I use every opportunity I can to track the change in how people read information. Some of this material is in articles, some comes from readers and friends, and some comes from just observing. For example, at one time people would grab a magazine from the rack at our doctor’s office. Now it’s quite likely that they’ll take out a Kindle or other reading device to view their favorite novel. Even at our library, I see people sitting in front of computers reading, rather than holding a book. Increasingly, I get questions from readers who use the e-book version of my books, instead of paper copies. Let’s just say that in the year and two months since I wrote The e-Book in Your Future, things have changed considerably. E-books are reducing the cost of reading material of every sort, especially technical books.

That’s the reason I’m a bit concerned about some of the things I read about our school system, especially when conversations with students tend to bear out the information I read. One ComputerWorld article in particular, “The e-book revolution is bypassing U.S. elementary schools” really grabbed my attention. The author, Joe Mohen, makes some astute comments about the benefits of using e-books in schools. As an author, I see significant benefits in using e-books, such as the ability to update the information as needed. Schools often struggle with outdated texts now due to a lack of funds, using e-books greatly reduces the cost of updates making it possible for schools to keep their texts updated.

More worrisome is the fact that most of our colleges still use paper texts. In talking with any number of students, I have yet to find any of them using more than one or two e-books for their classes. Given the high cost of education, it makes sense to reduce costs by providing students with materials in electronic format. A recent Forbes article, “Should College Students Be Forced To Buy E-Books?” makes a strong case for using e-books in colleges. The same article points out that only three percent of students currently use e-books for their education.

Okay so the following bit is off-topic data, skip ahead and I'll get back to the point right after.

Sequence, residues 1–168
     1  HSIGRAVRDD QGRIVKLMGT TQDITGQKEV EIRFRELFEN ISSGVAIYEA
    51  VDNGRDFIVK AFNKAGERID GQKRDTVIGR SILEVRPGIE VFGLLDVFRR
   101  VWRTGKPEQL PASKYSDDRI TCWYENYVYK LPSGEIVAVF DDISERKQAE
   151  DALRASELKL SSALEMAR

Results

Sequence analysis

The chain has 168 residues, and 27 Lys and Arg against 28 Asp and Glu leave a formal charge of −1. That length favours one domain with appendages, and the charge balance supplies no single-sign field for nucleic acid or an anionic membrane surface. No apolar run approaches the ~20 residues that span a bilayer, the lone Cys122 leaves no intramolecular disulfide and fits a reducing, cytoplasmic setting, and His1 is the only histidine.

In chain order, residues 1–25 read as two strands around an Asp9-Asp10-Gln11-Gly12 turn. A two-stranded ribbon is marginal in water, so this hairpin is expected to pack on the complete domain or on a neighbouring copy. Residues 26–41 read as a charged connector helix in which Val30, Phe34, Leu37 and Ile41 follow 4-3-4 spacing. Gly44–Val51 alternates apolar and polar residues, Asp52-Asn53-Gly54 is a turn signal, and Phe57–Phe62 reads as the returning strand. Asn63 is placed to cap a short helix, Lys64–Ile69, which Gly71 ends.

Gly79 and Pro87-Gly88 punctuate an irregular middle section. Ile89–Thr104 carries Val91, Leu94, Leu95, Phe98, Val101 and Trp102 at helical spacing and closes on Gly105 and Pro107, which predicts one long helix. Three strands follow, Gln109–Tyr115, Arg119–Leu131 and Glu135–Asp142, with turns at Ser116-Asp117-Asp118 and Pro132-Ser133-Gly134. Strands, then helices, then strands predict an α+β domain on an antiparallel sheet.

My interest in e-book technology isn’t just a passing fancy. Part of the reason I spend so much time delving into this issue is to discover how to serve you best. A large percentage of my readers are college students. What if my books were offered only in e-book format? Would you still buy them? For now, my books will continue to appear in both print and e-book format for the most part, but the time could come when I’m asked about how my readers would be affected if the publisher produced only e-books. To answer that question, I need your input. Let me know your thoughts about e-books, especially in the school environment, at [email protected].


Obtaining Kindle for Your Non-Kindle System

A number of readers have written me about my post entitled, “The e-Book in Your Future” where I discuss the future of printing and the viability of devices such as the Kindle. The problem for many readers is that they either don’t want to get a Kindle or they want the e-books they buy to appear on more than just their Kindle. For example, they may use a PC at work. It’s not impossible to use your Kindle too, but it could be inconvenient. Perhaps you want to cite the content that you found in a book as part of a report—being able to see that content on your PC would make it a lot easier to copy and paste the citation to the report.